October 29, 2013—The following positions are currently available in the Harvard Library. Please visit ASPIRE and search by requisition number for more information.
Accounting Assistant V—Harvard Library (Grade 53, Req# 30847BR)
Camera Operator—Imaging Services (Grade 50, Req # 30805BR)
Financial Analyst III—Harvard Library (Grade 58, Req #30952BR)
October 29, 2013—Link rot occurs when hyperlinks to a source in an article break, leaving scholars without access to important information.
To address the problem, Jonathan Zittrain, professor of law and computer science and vice dean for library and information service at the Law School, worked with the Harvard Library Innovation Lab, the Digital Public Library of America, Lillian Goldman Law Library at Yale Law School and the Robert Crown Law Library at Stanford Law School to devise and develop Perma.cc, a service that allows users to create citation links that will never break.
According to a study Zittrain conducted with Kendra Albert, a Harvard Law School student, approximately 70 percent of all...read more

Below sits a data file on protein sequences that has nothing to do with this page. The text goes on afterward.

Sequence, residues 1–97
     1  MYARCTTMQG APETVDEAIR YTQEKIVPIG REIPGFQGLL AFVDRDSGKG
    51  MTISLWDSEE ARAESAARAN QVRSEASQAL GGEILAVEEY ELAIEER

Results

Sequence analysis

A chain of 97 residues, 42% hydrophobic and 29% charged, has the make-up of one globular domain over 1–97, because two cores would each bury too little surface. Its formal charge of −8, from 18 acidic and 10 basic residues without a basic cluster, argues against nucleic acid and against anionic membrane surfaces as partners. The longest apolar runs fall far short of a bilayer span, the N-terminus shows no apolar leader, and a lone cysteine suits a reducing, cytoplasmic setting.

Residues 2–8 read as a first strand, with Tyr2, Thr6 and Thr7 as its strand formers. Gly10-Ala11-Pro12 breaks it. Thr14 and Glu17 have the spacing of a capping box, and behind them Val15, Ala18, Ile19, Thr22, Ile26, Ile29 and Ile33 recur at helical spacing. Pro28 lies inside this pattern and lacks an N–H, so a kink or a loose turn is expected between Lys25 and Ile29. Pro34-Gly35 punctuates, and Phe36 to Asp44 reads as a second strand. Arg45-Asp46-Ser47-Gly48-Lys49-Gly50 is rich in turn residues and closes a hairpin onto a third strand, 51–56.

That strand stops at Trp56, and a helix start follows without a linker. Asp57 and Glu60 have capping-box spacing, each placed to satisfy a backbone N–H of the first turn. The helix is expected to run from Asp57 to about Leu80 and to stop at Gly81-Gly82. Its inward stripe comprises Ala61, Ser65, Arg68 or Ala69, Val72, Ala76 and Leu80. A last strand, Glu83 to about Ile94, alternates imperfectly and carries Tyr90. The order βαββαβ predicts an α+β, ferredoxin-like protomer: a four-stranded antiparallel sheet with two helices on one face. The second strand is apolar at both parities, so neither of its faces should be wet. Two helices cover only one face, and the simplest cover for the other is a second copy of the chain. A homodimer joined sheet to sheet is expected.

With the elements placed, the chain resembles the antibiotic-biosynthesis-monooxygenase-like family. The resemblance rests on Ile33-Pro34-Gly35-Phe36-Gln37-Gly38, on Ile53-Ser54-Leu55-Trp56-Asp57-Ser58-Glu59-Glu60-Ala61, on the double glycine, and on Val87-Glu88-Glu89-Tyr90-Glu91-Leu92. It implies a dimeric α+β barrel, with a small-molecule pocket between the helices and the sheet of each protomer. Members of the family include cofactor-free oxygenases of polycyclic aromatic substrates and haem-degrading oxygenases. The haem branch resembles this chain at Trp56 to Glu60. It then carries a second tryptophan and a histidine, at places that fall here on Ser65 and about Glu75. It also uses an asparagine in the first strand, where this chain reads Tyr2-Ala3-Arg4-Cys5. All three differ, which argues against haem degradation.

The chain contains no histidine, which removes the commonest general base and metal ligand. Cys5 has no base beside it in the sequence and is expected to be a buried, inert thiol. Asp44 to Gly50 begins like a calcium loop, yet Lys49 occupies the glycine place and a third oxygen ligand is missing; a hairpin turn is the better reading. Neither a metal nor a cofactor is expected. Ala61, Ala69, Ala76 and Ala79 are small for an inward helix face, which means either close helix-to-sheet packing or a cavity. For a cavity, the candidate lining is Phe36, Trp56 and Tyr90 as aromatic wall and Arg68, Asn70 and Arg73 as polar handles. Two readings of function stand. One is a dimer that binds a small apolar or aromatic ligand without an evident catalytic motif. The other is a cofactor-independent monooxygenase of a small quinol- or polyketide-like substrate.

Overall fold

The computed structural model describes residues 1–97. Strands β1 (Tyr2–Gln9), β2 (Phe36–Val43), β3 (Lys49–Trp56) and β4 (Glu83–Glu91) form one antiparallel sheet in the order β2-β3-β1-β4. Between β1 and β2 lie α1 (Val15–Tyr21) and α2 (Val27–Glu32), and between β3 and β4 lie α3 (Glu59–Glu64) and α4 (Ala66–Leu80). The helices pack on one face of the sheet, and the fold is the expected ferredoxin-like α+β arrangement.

October 29, 2013—Schlesinger Library and the Center for the History of Medicine (CHoM) at Countway Library both held “Wikipedia Edit-a-Thons” in conjunction with Open Access Week, October 13-20, 2013.
At CHoM, participants from Harvard, Simmons College, Boston University and Dyer Memorial Library, among others, helped to edit the Warren Anatomical Museum’s Wikipedia entry, and learned tips and tricks along the way.
Software developer and Wiki-enthusiast Adam Hyland—who has made around 20,000 edits to Wikipedia pages—led the workshop. Hyland stressed the importance of providing ample and reputable sources in entries because “nobody knows you’...read more
October 25, 2013—Open Access Week, October 21-27, kicked off at Harvard with a discussion featuring Peter Suber, director of the Office for Scholarly Communication and author of Open Access, and Scott Lapinski, digital resources and services librarian and open access liaison at the Harvard Medical School (HMS).read more
October 23, 2013—Harvard’s Ernst Mayr Library is partnering on Purposeful Gaming, a project that makes a game out of transcribing historical documents, led by the Missouri Botanical Garden and supported by an IMLS National Leadership Grant.
For its part, Ernst Mayr staff members are working on 2,000 pages of diaries and field notes by William Brewster, a late-19th- and early-20th-century ornithologist/naturalist. Historic literature, especially handwritten notes, typically cannot be transcribed using optical character recognition (OCR) software thanks to varying fonts, typesetting and layouts. The goal of the Purposeful Gaming project is to both test the efficacy of gaming as a transcription tool and improve access to digital texts.
“We will hire two interns to transcribe the pages, and then those transcriptions will be...read more